TAIPEI - Taiwan leaders, already under fire over the response to a typhoon that likely killed hundreds, have accepted foreign aid after earlier refusing the offers, officials said on Saturday, as the president apologized.
Trying to repair its image after Typhoon Morakot caused widespread landslides in southern Taiwan, the government on Friday asked major world donors for equipment, a foreign ministry official said. Aid offers were initially refused on Tuesday.
In our first message, we said we didn't need help, just money, said Joanne Ou, head of the ministry's publicity section. But on (Thursday) the ministry asked the disaster center what we needed. We asked them for a list.
Local media, reflecting public sentiment, bashed the government for declining aid earlier in the week.
The ministry has approached Japan, the United States and European countries for supplies such as large helicopters and mobile homes, Ou said.
Taiwan President Ma Ying-jeou, pressured by the public over his response to the typhoon damage, on Friday estimated the eventual death toll at more than 500, mostly people feared buried in a massive landslide in one mountain village.
COULD DRAIN SUPPORT
Survivors and Taiwan's main opposition party have accused Ma of responding too slowly to the typhoon that hit last weekend, the island's worst since 1959. The official death toll is 123.
Ma, touring a disaster area in central Taiwan, apologized on Saturday.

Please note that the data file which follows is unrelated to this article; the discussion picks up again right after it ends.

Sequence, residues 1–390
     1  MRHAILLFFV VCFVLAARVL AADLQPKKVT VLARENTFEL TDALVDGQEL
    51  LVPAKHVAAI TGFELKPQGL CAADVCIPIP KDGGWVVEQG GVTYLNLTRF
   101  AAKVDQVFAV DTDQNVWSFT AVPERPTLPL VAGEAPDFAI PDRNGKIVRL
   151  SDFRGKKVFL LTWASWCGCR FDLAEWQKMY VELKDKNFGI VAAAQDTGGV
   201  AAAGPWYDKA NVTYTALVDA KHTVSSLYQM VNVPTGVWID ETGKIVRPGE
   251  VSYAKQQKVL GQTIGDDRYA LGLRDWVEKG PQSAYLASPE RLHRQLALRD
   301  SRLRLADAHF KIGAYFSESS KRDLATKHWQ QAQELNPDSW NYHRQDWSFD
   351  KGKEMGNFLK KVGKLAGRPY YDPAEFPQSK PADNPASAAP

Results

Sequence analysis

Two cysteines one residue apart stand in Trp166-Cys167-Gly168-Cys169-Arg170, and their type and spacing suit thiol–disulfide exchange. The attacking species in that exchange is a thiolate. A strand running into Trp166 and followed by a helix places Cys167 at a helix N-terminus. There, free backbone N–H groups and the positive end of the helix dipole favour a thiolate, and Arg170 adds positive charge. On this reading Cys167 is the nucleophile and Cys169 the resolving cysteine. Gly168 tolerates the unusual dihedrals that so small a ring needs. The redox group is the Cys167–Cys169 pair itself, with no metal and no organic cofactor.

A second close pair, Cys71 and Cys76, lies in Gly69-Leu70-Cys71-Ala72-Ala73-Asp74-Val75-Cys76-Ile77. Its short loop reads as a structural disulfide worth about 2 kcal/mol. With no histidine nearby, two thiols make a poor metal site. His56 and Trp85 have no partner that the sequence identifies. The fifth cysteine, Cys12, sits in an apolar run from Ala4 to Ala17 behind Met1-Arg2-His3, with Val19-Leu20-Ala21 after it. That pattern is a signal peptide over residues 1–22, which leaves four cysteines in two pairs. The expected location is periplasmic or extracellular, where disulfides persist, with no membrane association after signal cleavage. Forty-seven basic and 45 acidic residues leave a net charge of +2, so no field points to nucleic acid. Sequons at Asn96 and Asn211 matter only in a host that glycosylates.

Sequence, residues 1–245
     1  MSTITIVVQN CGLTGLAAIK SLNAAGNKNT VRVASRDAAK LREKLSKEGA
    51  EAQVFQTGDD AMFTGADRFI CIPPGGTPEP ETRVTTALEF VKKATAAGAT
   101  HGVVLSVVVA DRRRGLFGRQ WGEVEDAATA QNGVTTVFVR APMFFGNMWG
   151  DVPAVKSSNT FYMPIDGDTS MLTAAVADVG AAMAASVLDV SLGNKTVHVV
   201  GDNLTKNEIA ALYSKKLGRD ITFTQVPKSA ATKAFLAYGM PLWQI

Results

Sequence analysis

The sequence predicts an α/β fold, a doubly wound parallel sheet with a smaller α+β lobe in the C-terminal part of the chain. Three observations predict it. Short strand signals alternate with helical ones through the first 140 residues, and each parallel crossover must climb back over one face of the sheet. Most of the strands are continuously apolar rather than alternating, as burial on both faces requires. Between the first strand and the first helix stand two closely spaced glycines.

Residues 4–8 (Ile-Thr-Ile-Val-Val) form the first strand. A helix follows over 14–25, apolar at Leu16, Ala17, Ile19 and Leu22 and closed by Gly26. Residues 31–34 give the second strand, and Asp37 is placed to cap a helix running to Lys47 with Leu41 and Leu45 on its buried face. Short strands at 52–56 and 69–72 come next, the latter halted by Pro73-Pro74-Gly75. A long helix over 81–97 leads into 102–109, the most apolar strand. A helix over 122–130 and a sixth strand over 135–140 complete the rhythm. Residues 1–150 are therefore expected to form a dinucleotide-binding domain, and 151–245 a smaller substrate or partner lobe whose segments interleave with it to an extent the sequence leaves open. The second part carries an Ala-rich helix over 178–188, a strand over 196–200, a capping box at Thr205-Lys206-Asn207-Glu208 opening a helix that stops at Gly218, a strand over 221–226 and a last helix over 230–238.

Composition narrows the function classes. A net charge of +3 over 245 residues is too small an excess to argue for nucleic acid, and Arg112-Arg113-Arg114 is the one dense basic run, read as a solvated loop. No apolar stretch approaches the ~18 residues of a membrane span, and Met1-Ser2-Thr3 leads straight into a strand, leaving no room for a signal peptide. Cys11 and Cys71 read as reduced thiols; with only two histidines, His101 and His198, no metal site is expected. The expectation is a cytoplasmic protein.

Ma said the government response was a bit slow and expressed apologies for that, his spokesman Tony Wang said.
Sustained pressure on Ma, who was elected in 2008, could drain support for his Nationalist Party (KMT) in city and county elections in December, analysts say.
The foreign aid snafu pointed to poor communication between government offices and may be remembered, said Alexander Huang, strategic studies professor at Tamkang University in Taipei.
The problem throughout is that people in government are sticking with day-to-day, non-crisis management instead of common sense, Huang said.
Six countries, including China and the United States, have pledged aid, including expert damage assessment and water filtration tools.
More than 35,000 people from disaster areas in southern Taiwan have been rescued, the National Fire Agency said.
But in the worst-hit village, Hsiao Lin, it was unlikely that anyone trapped on Monday in a massive landslide had survived, local officials said.
Rescue crews have been told to focus on survivors and sending in food rather than digging for bodies, said Hu Jui-chou, an army major general involved in the rescue effort.
I was there yesterday, and it looked like a valley full of rocks and mud, he said.
Morakot, which passed over Taiwan last weekend, has caused about T$11.8 billion ($360 million) in agricultural losses and damaged more than 250 road segments, requiring years to repair.
(Editing by Bill Tarrant)